Affordable & Healthy: A Vet’s Guide to Homemade Dog Food Recipes


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Can My Dog Eat Homemade Dog Food?

Making homemade dog food has become quite popular over the last couple of years. Although the current trend of lifestyle may not allow every dog parent to prepare homemade dog food for their k-9, it is still widely considered a dog’s diet.

Preparing home-cooked food can be a good option for pet owners who prefer to have more control over what their dog eats. This can especially be the case if you own a dog that has specific nutritional needs and would benefit more from the homemade diet.

However, it is important to mention that this type of dog’s food is nutritionally complete and well-balanced so that it can meet your dog’s needs. This is why we recommend you consult your vet about the possibility of feeding homemade food or ask for a consultation with a veterinary nutritionist.

What do we cover in this article?

In this article, we’ll provide you with all the essential information that answers the below questions:

  • Should you consult a vet before switching to homemade dog food?
  • What are the essential nutritional components of balanced homemade meals?
  • What are the benefits and potential concerns of homemade dog food diets?
  • Which ingredients should you avoid in homemade dog food recipes?
  • What are the proper portion sizes and feeding frequency for homemade food?
  • How can you monitor your dog’s health on a homemade diet?
  • What are some common pitfalls and mistakes to avoid with homemade food?
  • What are some simple and tasty homemade dog food recipe ideas?
  • Why is balanced nutrition and consulting a vet nutritionist important?

Hoping that all that information will help you feed your loved dog with the best homemade dog food.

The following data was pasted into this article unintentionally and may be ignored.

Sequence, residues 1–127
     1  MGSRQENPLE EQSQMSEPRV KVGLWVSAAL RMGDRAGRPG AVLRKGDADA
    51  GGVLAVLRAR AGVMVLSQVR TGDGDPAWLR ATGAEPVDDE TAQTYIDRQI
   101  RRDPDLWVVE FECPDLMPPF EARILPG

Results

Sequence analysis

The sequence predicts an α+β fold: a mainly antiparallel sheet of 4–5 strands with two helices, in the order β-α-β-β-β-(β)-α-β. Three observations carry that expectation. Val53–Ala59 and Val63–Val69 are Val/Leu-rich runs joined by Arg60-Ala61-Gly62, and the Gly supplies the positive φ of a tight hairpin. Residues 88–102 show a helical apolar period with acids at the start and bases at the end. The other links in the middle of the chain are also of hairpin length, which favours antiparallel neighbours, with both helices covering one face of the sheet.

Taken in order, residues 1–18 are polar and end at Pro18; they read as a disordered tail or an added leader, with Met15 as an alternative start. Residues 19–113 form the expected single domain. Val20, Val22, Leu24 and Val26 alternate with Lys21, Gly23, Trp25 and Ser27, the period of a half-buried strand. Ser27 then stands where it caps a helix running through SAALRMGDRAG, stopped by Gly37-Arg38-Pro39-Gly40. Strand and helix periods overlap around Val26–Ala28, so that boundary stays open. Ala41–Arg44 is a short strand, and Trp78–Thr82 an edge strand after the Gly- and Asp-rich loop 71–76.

Balanced Homemade Dog Food Recipes: Essential Ingredients

Before diving into the world of possibilities and experiments when it comes to dog recipes, we advise dog owners to first learn what are the essential ingredients that their homemade dog food should have. It is always important to choose high-quality, whole-food ingredients that are both safe and nutritious for your pet.

Here are the most important ingredients that all homemade diets should contain:

Proteins

Proteins are one of the essential nutrients and they play a critical role in the animals’ overall health. It is widely known that dogs are carnivores, thus their body requires a sufficient amount of protein in order for them to stay healthy. Proteins help in muscle building, tissue repair, enzyme production, hormone regulation, and immune system support.

All dogs love meat, however, some of them may be more reluctant to eat just anything. If you are one lucky owner of a picky eater, don’t worry, there are several choices for you to try in the homemade meals. One of the most commonly used protein sources are lean beef, chicken breasts, turkey, or fish. But you can also use organ meat, such as liver, kidney, or heart.